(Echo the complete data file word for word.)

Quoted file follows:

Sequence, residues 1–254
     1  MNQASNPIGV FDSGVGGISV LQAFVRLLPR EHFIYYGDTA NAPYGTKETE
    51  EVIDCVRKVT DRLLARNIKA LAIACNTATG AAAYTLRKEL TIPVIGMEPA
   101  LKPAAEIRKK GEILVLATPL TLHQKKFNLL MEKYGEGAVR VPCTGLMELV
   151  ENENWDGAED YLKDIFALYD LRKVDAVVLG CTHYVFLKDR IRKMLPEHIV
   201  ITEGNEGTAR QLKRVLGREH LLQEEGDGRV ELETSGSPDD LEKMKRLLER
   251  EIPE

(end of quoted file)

Sequence, residues 1–254
     1  MNQASNPIGV FDSGVGGISV LQAFVRLLPR EHFIYYGDTA NAPYGTKETE
    51  EVIDCVRKVT DRLLARNIKA LAIACNTATG AAAYTLRKEL TIPVIGMEPA
   101  LKPAAEIRKK GEILVLATPL TLHQKKFNLL MEKYGEGAVR VPCTGLMELV
   151  ENENWDGAED YLKDIFALYD LRKVDAVVLG CTHYVFLKDR IRKMLPEHIV
   201  ITEGNEGTAR QLKRVLGREH LLQEEGDGRV ELETSGSPDD LEKMKRLLER
   251  EIPE